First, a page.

As part of the initial gallery design, 3 rotations of all the textiles and costume were planned over forthcoming years. This would enable more of the collections to be viewed and accessed . It is also part of a collections care strategy as these objects are particularly vulnerable to light and insect damage. Even when displayed on appropriate mounts, very long term display can cause stress and subsequent damage to costume.
The first phase of installation in all the wall cases has been completed. The second phase will be to change the costume in the large island case and the cases in the Treasure, Trade and the Exotic gallery. This is planned for early 2012.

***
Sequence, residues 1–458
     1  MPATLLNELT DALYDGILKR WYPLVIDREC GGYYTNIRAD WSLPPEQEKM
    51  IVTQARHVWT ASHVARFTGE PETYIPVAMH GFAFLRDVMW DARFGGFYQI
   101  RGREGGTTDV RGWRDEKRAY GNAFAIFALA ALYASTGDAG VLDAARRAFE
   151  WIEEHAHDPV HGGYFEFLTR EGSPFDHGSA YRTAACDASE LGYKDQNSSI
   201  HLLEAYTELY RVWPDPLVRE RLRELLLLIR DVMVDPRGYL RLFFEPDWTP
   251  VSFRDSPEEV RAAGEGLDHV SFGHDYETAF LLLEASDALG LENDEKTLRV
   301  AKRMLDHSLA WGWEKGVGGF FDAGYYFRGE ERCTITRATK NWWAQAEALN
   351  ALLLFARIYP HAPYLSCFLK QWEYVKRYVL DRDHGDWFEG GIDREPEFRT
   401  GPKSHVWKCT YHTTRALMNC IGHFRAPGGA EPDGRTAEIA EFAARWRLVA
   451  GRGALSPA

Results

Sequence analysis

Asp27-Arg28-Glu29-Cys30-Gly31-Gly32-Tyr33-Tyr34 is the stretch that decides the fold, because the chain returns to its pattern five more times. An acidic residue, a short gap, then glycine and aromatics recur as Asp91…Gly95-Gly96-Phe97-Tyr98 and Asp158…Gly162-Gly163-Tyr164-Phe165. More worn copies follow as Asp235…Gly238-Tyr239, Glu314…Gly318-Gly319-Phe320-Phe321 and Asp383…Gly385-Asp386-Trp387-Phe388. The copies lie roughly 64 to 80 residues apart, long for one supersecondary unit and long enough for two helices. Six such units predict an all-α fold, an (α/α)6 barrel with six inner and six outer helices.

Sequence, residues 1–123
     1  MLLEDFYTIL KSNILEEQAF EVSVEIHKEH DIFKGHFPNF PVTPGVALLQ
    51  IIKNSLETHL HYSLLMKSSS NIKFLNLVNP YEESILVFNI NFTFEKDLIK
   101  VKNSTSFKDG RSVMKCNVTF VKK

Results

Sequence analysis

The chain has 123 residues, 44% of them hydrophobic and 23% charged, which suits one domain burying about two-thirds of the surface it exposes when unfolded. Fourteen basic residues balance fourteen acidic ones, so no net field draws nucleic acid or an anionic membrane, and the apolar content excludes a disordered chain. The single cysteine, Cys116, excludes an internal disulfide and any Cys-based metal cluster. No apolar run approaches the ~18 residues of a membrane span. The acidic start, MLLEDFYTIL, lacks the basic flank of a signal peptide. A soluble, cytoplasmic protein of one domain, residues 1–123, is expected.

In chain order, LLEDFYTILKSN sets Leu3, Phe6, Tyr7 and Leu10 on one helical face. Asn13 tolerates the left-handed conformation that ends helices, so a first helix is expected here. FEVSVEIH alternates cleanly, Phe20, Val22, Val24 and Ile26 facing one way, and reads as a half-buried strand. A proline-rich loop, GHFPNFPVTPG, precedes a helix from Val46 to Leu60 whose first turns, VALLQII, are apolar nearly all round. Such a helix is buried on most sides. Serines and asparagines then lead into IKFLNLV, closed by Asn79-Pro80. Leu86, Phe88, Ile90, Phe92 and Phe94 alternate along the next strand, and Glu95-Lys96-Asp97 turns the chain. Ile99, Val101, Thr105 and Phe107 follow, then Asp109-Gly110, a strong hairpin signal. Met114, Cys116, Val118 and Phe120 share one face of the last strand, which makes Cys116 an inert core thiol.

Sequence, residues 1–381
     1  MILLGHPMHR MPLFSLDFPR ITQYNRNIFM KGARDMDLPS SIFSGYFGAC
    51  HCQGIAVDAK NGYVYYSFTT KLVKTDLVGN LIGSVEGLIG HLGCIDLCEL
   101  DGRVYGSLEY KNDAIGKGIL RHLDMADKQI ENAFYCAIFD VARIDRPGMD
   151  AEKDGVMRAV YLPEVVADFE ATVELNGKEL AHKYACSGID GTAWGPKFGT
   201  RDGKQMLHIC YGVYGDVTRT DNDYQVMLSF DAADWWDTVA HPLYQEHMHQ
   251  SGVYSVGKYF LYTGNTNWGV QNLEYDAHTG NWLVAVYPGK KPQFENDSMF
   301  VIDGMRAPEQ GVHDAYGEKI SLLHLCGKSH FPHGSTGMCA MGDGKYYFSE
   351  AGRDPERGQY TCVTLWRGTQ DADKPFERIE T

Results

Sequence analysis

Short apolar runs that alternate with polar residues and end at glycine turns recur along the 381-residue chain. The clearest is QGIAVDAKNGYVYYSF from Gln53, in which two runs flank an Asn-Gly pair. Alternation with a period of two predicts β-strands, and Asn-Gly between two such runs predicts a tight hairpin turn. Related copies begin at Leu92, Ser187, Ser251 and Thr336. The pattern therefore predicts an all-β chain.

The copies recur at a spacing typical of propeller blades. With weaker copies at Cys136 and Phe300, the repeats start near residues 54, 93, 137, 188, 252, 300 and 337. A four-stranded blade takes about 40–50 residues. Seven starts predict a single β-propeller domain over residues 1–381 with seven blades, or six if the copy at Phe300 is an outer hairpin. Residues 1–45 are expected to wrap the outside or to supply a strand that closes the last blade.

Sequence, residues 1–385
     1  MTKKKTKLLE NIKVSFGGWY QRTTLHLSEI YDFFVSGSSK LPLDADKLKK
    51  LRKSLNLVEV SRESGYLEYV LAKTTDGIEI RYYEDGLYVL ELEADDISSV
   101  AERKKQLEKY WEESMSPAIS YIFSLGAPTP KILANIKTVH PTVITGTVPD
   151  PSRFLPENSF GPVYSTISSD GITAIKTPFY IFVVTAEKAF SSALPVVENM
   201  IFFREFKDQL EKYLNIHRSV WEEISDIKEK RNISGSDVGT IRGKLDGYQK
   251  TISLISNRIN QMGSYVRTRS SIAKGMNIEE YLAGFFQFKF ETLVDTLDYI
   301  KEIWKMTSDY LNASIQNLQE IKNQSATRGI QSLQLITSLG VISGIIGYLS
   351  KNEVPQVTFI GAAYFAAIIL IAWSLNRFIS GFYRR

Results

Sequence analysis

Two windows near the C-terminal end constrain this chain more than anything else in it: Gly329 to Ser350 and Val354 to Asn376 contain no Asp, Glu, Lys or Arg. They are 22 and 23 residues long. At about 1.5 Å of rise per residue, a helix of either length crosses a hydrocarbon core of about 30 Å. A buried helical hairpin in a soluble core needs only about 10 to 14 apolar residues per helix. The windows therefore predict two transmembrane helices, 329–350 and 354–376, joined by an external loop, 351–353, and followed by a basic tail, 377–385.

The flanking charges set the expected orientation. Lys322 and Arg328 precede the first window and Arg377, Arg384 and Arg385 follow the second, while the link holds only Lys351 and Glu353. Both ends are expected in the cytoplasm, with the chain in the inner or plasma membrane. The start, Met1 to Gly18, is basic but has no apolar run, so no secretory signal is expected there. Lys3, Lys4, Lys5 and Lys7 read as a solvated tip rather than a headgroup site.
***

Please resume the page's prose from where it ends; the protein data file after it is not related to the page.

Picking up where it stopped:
Rotating the textiles display involved the assessment, conservation and mounting of 42 objects by Conservation staff with some very valuable in-put from two volunteers.
Alice Forkes installing a sampler into the 19thC case.
An ‘in progress’ shot of a 18th C flower embroidered picture. It has been de-framed and removed from the wood backing board. The image shows the reverse of the embroidery and the mirror image that has been caused by light damage onto the back board.
Reverse of a 17thC embroidery of Adam and Eve, showing the bright un-faded colours, particularly of Adam, compared to the front which has suffered light damage and looks grey.